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Harlem health clinic set for demolition under city plan

Harlem health clinic to be demolished under city plan
Harlem health clinic to be demolished under city plan 02:20

NEW YORK -- A community health clinic on city land in Harlem is preparing to transform into a supportive housing tower with wraparound services.

The Emma L. Bowen Community Service Center has sat along Amsterdam Avenue between West 145th and 146th streets for more than 50 years. Staff and clients will soon have to adapt to the major upcoming changes.

Emma L. Bowen stood out as a visionary when she created the Upper Manhattan Mental Health Center in 1969, offering therapy, treatment and substance abuse recovery in one building.

"You consider the needs of mental health at that time in the absence of mental health care, and you look at where we are today, you see that the need is even greater," said board chair Patricia Jordan.

Jordan has spent 40 years working at the center that is now named after her late friend, learning how to break through the stigma set firmly within certain cultures in Harlem.

That struggle continues today. Yumi Rodriguez had an anxiety attack worrying about her chronically-ill family members, who then questioned her need for therapy.

"It just felt like I was carrying the weight of everything on my shoulders," Rodriguez said, "so I sought help, and this is in my community."

Her therapy sessions have inspired a new career geared towards giving back.

"I just felt seen and heard, and then that helped me pursue my other passions," said Rodriguez. "Now I'm going to go to school for climate justice, so kind of like helping marginalized communities also seek help."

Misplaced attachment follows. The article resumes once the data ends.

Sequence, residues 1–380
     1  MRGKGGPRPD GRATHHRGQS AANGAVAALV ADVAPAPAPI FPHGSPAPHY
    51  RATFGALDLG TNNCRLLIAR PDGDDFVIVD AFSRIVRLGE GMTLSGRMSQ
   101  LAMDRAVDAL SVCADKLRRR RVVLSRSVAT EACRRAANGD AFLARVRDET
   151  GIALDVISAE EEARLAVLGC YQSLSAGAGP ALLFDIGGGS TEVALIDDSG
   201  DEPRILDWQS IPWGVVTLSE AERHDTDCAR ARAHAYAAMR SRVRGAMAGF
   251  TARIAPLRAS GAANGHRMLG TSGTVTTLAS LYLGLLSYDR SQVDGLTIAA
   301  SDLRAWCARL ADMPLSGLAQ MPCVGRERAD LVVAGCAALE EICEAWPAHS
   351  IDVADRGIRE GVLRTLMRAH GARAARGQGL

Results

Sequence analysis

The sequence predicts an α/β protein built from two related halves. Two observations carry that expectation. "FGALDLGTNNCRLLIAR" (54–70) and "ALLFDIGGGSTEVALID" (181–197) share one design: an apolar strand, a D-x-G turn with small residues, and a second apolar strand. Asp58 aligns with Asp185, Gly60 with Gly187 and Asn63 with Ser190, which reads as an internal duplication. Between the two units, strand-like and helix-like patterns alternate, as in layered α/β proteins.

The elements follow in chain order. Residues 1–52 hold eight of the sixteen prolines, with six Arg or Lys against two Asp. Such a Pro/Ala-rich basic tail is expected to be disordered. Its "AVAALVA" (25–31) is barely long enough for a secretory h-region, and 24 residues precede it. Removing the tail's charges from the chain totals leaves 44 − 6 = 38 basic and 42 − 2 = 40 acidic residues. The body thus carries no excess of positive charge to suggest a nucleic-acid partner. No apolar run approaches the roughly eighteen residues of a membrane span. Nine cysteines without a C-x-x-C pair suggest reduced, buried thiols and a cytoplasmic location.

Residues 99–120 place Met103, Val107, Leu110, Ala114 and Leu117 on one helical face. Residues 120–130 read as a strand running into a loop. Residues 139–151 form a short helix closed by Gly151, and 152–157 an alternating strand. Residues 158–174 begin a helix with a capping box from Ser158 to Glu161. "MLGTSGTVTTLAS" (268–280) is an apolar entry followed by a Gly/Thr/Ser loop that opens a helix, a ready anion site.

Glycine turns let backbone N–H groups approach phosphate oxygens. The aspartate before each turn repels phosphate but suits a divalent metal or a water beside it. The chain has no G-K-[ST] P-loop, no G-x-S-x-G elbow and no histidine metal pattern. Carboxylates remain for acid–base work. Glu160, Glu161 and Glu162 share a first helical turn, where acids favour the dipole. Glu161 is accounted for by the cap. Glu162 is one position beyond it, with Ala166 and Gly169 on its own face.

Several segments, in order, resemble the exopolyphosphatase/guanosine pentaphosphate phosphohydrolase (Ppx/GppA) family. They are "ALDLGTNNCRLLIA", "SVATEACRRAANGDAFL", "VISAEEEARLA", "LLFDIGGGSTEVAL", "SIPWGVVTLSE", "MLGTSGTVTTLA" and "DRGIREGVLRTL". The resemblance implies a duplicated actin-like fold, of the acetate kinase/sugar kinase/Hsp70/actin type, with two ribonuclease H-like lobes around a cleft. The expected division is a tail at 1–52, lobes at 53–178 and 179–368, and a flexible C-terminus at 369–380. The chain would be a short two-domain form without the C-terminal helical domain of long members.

The Bowen Center's services start from preschool, offering specialized classes for students suffering from trauma or developmental challenges.

"It's rewarding to see that those children advance and move on to another state of their life," Jordan said.

The Rainbow Club in the center has a hangout room for adults with special needs. The pantry offers free fresh food for families. Plus, the ABLE House the center owns in East Harlem holds 20 beds for men and women recovering from substance abuse, where they can work on their GEDs, employment and permanent housing.

"Whatever is needed to help them become whole so they can transition back into the community," Jordan explained.

Later this year, though, the center will face a major shift, with the city land it sits on set to transform into a nine-story, 200-bed tower supporting the homeless, seniors and low-income families of the neighborhood, with space for a newly-built Bowen Center below. None of the apartments will be market-rate.

During construction, Bowen Center staff will work at full capacity at 530 W. 135th St., near Broadway, 10 blocks away.

"Sometimes when you go from an old design to a new design," Jordan said optimistically, "it makes for a situation where it's even more comfortable."

In a statement, Leora Jontef, NYC Health + Hospitals assistant vice president of housing and real estate, said:

"NYC Health + Hospitals is proud to use our land to create housing for our patients and members of the local community and do our part to address the housing crisis in New York City. Stable housing is critical to managing your health, and housing at 1727 Amsterdam Avenue will help those residents live their healthiest lives. We are proud to partner with Emma Bowen for a seamless transition and uninterrupted services during construction, and we look forward to their return to brand new space at 1727 as soon as we can."

The city expects the center to operate in the temporary location for four to five years, but has not yet announced a date for demolition. The NYC Housing Conference reports the west side of Harlem has 445 affordable housing units in the past decade, below the citywide average of 1,227.

To learn more about the development, click here.

Have a story idea or tip in Harlem? Email Jessi by CLICKING HERE.

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